South Korean SK Group sub, SK BIOPHARMACEUTICALS CO., soared to more than double the company’s initially offered price during its trading debut in the nation’s largest first share sale in three years.
The stock flew 159% from the IPO price in Seoul, boosting its market cap to 9.9 trillion won ($8.2 billion). Gains in the sector were rapid enough to prompt a $3 billion U.S. hedge fund to warn last week that valuations of Korean healthcare stocks — trading at 80 times 12-month forward earnings — are too expensive, leaving prices vulnerable.
Biotech stocks have boomed in Korea since regulators banned short-selling on March 16 for six months amid the global pandemic selloff. Many of the firms surged after announcing plans to develop treatments related to Covid-19, making them favourites of the nation’s retail traders.
More than $30 million in sales this year are expected from SK’s pipelines, which include one drug under clinical trial for a rare disease and two FDA-approved ones — Solriamfetol for excessive sleepiness and Cenobamate for epilepsy, according to Han Byung-hwa, analyst at Eugene Investment & Securities. That means the stock is trading at more than 200 times estimated sales, a high valuation given that rival UCB SA had a price-sales-ratio of 5 when it started its pharmaceutical business, Han wrote in a note.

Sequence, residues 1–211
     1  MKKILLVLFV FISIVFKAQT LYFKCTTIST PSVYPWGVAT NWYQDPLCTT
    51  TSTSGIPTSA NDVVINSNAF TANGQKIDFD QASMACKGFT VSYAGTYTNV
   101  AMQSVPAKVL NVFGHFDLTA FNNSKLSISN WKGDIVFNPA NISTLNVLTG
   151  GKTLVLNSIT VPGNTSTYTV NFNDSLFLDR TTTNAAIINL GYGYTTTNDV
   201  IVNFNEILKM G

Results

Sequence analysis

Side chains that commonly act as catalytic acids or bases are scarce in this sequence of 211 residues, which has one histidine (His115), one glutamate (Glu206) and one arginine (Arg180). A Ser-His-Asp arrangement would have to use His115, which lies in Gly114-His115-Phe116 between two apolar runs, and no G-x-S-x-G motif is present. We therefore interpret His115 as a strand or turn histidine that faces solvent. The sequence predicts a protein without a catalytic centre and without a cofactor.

Hans noted ”Still, sales growth from the three drugs will be about 45% per year, reaching 1.8 trillion won in 2030. Despite high R&D and marketing costs at least 200 billion won a year, the firm can get SK Group’s support”.
SK Biopharmaceuticals owns 55% insurance coverage in the U.S. in July for cenobamate, brand-named Xcopri, without a partnership with local companies, CEO Jeong Woo Cho said at a press conference on June 15. Xcopri is about $30 per pill for 50 mg, compared with $20 per pill for rival UCB’s Briviact’s treatment, according to First Data Bank. UCB’s Vimpat will go generic in 2022.